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New breast cancer data reveals that the incidence of late-stage metastatic breast cancer is on the rise for women 25 to 39. The study, published in the Feb. 27 Journal of the American Medical Association, was conducted by researchers at the University of Washington, Seattle, and St. Charles Health System. The study found that in the last three decades, the number of cases affecting younger women tripled to 850 in 2009. Researchers do not know the reason behind the increase.  Meanwhile, health care providers recognize this news may be unsettling for women under the age of 40 who have been told to wait to have a mammogram until that age.

Lovelace breast surgeon Dr. Cal Ridgeway advises all women to maintain awareness that breast cancer is the most common cancer for women. “All women should do monthly self breast exams and have a clinical breast exam once a year,” he says. “Then they will know their baseline exam and if there is a change, they will be more apt to catch it quickly.”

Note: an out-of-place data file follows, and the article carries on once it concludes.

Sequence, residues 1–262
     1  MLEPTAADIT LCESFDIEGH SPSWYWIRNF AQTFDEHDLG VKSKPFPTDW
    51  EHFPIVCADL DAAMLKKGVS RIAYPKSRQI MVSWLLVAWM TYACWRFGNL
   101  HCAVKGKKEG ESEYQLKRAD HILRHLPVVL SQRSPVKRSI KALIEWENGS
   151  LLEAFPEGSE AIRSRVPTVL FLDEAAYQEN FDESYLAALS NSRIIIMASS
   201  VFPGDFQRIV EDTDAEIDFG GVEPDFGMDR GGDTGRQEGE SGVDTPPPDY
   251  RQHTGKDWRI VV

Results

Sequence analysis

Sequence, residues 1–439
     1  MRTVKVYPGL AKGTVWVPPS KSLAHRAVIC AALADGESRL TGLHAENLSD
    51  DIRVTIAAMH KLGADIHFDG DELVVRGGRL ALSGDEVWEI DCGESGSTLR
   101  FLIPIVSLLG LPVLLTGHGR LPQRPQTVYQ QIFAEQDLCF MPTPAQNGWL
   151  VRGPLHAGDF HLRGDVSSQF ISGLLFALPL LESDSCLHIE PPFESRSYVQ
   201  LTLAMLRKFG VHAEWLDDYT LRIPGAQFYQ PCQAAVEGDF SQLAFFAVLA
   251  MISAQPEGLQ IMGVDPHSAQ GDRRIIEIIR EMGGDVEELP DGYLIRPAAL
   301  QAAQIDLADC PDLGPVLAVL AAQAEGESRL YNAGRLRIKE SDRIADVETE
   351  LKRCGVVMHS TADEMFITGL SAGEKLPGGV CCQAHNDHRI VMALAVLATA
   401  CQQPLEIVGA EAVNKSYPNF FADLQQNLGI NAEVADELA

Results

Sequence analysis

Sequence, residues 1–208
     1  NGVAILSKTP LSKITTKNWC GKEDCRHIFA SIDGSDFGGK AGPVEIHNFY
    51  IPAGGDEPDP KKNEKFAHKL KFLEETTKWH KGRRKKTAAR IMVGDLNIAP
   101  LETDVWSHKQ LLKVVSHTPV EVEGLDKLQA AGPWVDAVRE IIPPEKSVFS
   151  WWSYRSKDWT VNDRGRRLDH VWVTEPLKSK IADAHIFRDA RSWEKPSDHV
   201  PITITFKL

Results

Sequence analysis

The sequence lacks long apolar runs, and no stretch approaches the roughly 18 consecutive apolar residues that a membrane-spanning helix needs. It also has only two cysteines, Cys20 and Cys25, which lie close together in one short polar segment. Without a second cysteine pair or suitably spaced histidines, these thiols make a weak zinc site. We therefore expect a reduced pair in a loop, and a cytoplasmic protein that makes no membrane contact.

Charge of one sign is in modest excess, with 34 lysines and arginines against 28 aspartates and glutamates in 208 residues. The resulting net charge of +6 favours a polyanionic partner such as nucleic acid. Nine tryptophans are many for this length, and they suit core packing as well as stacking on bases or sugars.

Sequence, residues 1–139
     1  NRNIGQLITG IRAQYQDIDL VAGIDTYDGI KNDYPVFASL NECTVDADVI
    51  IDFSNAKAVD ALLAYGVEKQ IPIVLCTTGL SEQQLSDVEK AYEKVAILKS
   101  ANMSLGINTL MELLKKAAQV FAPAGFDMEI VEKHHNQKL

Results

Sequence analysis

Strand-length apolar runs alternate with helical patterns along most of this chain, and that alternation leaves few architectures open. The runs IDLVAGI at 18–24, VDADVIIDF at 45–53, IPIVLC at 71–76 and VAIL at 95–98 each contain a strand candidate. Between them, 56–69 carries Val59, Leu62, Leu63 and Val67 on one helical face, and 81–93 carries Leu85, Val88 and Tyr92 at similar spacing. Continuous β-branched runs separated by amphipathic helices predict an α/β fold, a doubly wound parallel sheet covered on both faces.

Susan Pompeo, 34, and Andrea Contreras, 32, shared their stories of discovering breast cancer in their 30s while they were having children and raising families. Neither had a family history of breast cancer and believed they were too young for breast cancer. In both situations, the women decided to fight their breast cancer head on and aggressively through chemotherapy, surgery and radiation.

Dr. Ridgeway says the JAMA study does not mean that women under the age of 40 should be getting mammogram screenings, however. “Mammograms under the age of 40 are not effective for screening, because of breast density,” he says. “Most breast masses in the younger age group turn out to be benign, but they should all be checked out carefully.”

If you have any questions regarding your breast health, contact your health care provider.

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